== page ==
We explored in the last post (Framework for Equity Valuation Part II – Equity Drivers) how earnings as a share of GDP can be an important driver of medium term equity returns.
What is the market expecting earnings to be?
The chart below shows the difference between what the PE ratio is today and what it is expected to be in a year’s time (i.e. a measure of what analysts expect total earnings growth to be). Currently it shows that equity analysts are predicting a 20% increase in corporate profits. This implies that although the current PE ratio may be high, it will be brought down by rapidly rising earnings.
I find this chart is the best explanation of the Trump rally. Analyst earnings expectations rose immediately and this is temporarily reflected in a higher PE ratio. Once the earnings come through we will see that the rise in equities was driven by earnings not by animal spirits. Assuming the analysts’ earnings optimism is correct of course.
What does this mean for earnings over GDP?
I will leave aside for now views on how effective Trump will be at increasing growth and just look at the confidence level implied in market prices. It is all too easy with controversial political figures and issues for analysis to become infected with partisan assumptions and desires which lead to worse decisions.
The first point to note is that taking analysts expectations of a 20% earnings increase, this would imply earnings as a share of GDP will immediately rebound to all-time highs (dotted red line in the chart we used previously). We have seen drops in E/GDP of that magnitude before during recessions but never an increase and this seems an odd stage of the cycle to expect it.
Is this forecast consistent with other data?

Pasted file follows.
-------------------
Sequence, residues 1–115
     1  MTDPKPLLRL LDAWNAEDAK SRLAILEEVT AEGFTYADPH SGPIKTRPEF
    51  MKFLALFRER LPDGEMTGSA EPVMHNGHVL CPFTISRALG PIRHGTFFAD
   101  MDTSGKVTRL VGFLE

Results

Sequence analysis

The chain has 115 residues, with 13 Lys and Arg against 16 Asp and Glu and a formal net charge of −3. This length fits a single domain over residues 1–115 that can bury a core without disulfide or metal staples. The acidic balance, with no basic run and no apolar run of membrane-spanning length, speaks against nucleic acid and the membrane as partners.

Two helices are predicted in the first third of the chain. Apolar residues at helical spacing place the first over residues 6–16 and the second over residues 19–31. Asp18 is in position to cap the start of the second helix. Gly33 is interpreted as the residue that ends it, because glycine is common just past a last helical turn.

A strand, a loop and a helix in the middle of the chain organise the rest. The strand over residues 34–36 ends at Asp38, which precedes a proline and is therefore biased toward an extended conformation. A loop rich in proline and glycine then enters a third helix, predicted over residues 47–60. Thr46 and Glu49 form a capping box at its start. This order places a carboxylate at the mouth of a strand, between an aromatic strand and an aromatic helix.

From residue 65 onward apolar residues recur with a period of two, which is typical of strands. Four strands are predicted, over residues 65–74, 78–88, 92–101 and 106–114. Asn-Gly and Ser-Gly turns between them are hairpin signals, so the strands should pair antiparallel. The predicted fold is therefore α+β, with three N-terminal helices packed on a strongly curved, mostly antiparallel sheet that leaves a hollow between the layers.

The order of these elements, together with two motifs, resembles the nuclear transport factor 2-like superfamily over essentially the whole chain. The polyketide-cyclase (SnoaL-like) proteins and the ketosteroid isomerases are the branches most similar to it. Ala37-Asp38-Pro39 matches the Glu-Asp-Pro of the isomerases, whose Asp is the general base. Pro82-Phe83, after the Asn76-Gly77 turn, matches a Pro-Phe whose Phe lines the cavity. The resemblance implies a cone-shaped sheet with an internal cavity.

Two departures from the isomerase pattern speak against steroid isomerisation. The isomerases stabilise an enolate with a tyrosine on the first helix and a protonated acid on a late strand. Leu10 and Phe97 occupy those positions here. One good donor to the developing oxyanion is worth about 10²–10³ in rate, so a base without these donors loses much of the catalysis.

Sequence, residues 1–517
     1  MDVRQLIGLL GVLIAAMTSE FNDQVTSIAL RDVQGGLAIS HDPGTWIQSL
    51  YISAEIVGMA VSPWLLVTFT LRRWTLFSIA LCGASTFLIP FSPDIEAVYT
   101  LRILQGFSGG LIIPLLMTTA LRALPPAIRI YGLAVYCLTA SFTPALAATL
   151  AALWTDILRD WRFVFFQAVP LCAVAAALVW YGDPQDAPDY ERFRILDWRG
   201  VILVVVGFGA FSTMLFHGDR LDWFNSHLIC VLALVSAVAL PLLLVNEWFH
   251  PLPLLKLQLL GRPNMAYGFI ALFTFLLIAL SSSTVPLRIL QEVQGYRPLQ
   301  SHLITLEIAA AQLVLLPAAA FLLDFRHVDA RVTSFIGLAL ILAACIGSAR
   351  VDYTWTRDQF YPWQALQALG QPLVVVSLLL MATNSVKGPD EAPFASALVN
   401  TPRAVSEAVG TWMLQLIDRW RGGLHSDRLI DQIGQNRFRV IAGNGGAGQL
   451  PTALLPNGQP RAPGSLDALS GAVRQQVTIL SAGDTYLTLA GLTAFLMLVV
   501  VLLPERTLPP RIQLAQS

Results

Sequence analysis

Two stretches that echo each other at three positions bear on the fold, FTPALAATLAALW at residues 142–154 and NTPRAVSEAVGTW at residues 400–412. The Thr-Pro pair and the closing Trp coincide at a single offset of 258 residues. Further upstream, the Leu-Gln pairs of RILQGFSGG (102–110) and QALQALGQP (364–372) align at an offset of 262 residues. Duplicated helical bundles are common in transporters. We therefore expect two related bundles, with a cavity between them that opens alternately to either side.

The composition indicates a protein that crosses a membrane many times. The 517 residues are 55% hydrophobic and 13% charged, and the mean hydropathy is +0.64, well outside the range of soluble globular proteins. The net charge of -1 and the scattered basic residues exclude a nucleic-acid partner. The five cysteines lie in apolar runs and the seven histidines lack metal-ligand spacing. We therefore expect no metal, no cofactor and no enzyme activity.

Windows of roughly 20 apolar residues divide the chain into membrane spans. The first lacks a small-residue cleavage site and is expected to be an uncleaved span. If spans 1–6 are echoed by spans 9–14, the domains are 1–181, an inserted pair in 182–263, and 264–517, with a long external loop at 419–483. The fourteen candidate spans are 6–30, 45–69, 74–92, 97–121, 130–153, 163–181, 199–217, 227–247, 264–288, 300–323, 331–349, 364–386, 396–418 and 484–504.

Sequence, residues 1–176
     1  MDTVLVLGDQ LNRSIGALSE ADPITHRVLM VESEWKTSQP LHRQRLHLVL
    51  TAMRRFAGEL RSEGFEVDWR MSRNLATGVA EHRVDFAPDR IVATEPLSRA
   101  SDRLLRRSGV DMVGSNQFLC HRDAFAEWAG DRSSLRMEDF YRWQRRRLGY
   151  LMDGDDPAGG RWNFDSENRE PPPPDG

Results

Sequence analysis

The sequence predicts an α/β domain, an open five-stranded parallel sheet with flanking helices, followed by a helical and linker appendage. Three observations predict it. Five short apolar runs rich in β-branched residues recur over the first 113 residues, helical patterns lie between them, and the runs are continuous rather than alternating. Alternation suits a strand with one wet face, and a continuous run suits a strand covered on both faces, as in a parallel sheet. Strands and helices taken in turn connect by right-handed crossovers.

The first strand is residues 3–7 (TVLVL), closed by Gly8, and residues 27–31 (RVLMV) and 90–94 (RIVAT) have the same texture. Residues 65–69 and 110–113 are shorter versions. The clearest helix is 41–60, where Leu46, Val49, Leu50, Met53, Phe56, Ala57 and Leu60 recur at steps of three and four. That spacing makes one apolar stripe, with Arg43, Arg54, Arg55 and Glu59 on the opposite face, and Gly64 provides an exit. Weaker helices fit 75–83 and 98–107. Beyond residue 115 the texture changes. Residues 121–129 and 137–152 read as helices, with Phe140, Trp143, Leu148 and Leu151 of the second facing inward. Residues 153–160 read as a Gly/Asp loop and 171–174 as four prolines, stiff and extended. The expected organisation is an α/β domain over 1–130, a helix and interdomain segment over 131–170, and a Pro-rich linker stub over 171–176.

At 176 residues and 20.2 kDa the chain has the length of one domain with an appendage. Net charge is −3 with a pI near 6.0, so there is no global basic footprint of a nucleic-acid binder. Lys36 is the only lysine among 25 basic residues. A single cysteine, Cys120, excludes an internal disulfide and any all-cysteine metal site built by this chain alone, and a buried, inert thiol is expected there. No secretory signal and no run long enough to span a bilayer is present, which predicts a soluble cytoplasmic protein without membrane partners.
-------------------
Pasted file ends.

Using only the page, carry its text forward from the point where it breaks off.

Another useful way to use national income data is split the economy into just 2 parts – Wages and Profits.
The National Income Accounts (NIPA) data is used a lot more by economists than it is by market participants. To give some context, it was particularly useful to use during the late stages of the dot com bubble, as it showed that reported earnings were far in excess of the profits seen in the national accounts. This implied some form of earnings inflation and potentially even fraud, which actually did come to light later in 2002. The chart below shows how the reported earnings diverged for 4 years before coming back in line very sharply. Checking reported data and forecasts for simple internal consistency can be surprisingly rewarding. It is best not to assume that analysts have done this for you.
Using the National Income Accounts data, we can construct a chart of the respective shares of national income for wages and profits. As you can see, there is a clear and logical inverse relationship between wages and profits as a share of GDP.
We know that wages have finally been rising again recently and all forecasts are that this will continue. So how can we have nominal GDP of 4%, wages rising at least 2.5% and profits rising 20%.
Quick answer – we can’t.
Long answer – it requires some heroic assumptions in other parts of the national accounts which I won’t go into here.
Scenario – if we assume corporate earnings will rise by 20% over the next 12 months and allow the other components of GDP (including proprietors’ income) to grow at 4%, we can solve for wages and we get an increase of just 0.7%. Rather different from the 2.5% current seen in average hourly earnings.
There is a great deal of optimism among analysts for the outlook of corporate earnings. It is hard to reconcile that with some basic arithmetic from the national accounts. When nominal GDP growth is moderate and wages are accelerating, it is hard to also get record increases in corporate profits. If earnings do not rise as rapidly as anticipated then to be optimistic on the S+P you need to be positive on the prospects for PE expansion. I will look at that next.